NEW YORK - In the wake of the Re=form movement's first international conference last week at the Van Leer Institute in Jerusalem, one may ask: How much longer will it take until the Orthodox rabbis in Israel understand that it is impossible to continue their wide-scale repudiation of the largest religious stream among American Jewry, which cautious estimates say encompasses more than one-third of North American Jews?
The persistence of the Orthodox establishment in ignoring the size and strength of the Reform movement in the U.S. is anachronistic. Negating the spiritual experience granted by hundreds of Reform synagogues in North America to many tens of thousands of Jews, and especially to the young generation, is a sign of outdated thinking and shows a lack of understanding of the changes over the past few years in American Jewry. Invalidating the authority of the Reform rabbis shows ignorance regarding everything to do with the power and influence that have developed in the past few years in U.S. Jewish communities.
Recent data collected by the Cherrick Center for the Study of Zionism at the Hebrew University of Jerusalem reveal that the Reform movement manages, more than the other religious movements, to maintain the loyalty of its members. Some 75 percent of those who were raised as Reform Jews continue to define themselves as such. The study shows that in the balance of those leaving and joining religious movements, the Reform movement is growing both numerically and in terms of the Jewish commitment and identity of its members.
Israelis have underappreciated that in the past few years, the influence on the Jewish-American man in the street has been transferred from the Jewish organizations to the rabbis from all the streams. A Reform or Orthodox rabbi serving in a distant community in one of the outlying U.S. states has direct access and communication with a much larger number of Jews than what the heads of the Jewish organizations want to imagine.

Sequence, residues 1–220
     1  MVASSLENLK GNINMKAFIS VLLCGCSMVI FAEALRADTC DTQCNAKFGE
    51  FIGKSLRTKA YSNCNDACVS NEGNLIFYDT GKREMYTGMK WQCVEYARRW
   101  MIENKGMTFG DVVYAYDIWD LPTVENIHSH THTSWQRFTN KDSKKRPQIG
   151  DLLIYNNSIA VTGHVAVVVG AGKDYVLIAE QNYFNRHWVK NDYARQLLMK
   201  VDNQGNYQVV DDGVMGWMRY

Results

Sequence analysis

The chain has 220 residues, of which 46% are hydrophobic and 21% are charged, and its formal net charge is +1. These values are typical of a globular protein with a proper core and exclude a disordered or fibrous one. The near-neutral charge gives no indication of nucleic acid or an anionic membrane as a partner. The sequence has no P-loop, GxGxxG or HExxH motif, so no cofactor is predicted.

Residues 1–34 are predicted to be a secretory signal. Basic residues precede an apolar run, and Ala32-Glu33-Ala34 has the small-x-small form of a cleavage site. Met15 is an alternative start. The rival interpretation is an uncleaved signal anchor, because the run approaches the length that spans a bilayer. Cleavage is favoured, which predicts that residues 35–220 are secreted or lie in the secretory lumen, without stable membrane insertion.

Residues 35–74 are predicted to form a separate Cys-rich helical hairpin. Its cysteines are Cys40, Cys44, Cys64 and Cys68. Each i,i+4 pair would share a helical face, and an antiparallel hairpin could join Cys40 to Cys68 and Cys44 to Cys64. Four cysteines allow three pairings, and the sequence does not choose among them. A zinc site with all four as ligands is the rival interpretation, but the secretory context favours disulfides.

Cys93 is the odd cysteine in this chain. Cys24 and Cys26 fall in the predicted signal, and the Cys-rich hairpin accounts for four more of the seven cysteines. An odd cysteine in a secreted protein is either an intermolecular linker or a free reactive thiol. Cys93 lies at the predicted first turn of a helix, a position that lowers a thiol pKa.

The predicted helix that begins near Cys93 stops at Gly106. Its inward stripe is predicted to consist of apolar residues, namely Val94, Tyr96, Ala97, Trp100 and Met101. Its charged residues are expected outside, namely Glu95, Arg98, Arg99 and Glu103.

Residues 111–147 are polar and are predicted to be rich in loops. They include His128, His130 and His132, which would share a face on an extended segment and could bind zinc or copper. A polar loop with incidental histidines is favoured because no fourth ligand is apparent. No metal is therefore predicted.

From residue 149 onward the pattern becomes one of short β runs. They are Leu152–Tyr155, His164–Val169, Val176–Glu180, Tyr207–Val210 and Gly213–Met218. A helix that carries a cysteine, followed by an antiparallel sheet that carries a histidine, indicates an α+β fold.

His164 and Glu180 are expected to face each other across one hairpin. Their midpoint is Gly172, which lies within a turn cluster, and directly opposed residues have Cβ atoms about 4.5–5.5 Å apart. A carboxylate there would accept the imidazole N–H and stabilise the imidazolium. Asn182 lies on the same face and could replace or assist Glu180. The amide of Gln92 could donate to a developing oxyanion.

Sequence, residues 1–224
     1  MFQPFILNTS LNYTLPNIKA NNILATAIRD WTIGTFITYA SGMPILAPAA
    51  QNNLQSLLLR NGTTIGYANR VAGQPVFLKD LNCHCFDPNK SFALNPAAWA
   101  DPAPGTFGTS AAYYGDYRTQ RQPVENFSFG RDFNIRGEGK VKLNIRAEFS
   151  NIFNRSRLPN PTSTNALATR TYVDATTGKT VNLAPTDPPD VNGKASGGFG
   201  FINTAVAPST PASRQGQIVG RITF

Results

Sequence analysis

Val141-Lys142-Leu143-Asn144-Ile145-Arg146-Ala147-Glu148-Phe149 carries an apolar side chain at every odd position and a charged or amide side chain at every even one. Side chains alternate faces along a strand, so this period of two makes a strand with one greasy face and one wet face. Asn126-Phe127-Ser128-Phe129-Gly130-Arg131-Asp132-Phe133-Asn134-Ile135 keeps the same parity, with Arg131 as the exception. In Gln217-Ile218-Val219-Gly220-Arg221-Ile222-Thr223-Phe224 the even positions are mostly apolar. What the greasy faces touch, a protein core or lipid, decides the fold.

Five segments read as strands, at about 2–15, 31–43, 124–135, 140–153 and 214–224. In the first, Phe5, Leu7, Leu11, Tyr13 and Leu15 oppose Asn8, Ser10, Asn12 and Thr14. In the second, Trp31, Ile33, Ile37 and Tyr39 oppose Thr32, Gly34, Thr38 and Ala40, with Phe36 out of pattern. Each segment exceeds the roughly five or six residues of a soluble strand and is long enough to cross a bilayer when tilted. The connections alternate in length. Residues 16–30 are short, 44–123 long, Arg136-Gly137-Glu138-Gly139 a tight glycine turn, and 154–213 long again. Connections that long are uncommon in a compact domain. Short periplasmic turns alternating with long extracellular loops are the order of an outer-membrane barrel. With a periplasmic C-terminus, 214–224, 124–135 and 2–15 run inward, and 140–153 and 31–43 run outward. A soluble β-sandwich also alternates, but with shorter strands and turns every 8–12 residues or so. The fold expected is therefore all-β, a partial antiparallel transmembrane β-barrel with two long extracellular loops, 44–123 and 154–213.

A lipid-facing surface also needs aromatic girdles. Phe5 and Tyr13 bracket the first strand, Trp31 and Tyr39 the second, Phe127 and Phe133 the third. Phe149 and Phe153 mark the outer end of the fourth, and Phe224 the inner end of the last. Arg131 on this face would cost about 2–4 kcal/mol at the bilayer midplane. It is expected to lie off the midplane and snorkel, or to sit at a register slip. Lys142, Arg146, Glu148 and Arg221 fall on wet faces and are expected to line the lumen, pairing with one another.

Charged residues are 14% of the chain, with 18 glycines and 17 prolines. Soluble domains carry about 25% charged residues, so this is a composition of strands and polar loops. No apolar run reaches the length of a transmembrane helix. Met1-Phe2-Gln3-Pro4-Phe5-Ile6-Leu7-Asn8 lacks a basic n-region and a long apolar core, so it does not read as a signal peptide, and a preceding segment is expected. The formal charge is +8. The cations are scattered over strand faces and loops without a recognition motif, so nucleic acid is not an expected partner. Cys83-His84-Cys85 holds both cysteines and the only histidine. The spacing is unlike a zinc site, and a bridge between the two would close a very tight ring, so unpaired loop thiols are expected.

Privately, without fanfare, a change is also taking place regarding the ties between Orthodox and Reform rabbis, especially in the peripheral communities in the United States. Reform and Orthodox rabbis host each other at religious ceremonies, especially on holidays, and cooperate with each other in areas that relate to religious life. Reform rabbis also have helped their Orthodox colleagues raise the resources to establish mikvaot - ritual baths.
Here is a proposal to the Orthodox rabbis in Israel: You don't have to recognize the Reform movement, nor do you have to accept the innovations in the field of halakha (Jewish religious law) being spearheaded by the Council of Reform Rabbis. But stop disavowing them. Those who stubbornly ignore the reality taking shape around them will find that time is not in their favor, and at the end of the day, they will be the big losers. Therefore, Orthodox rabbis, take the initiative and create channels of dialogue, even if they are covert, with the Reform rabbis in the U.S. and Israel. A quiet dialogue on religious issues is far more beneficial than noisy alienation.
In a Reform-Orthodox dialogue, far from the media limelight, lies potential for both sides. The new generation of Reform rabbis is open to proposals and initiatives leading toward rapprochement in the realm of tradition as it is accepted by Orthodox Jewry. They are also showing interest in ceremonies and spiritual content the Orthodox have become tired of promoting. Orthodox rabbis who are not wary of challenges will gain access to to large new audiences among American Jewry.
The conference in Jerusalem was of an academic nature, and those who addressed it came from universities and research institutes in the U.S. and Israel. But make no mistake about it - this is a conference that should serve as a warning to the Orthodox in Israel, because this academic event provided, perhaps for the first time, respectable legitimacy for the activities of the Reform movement in Israel. It is expected to speed up the process of movement recognition, sidestepping the Orthodox establishment.
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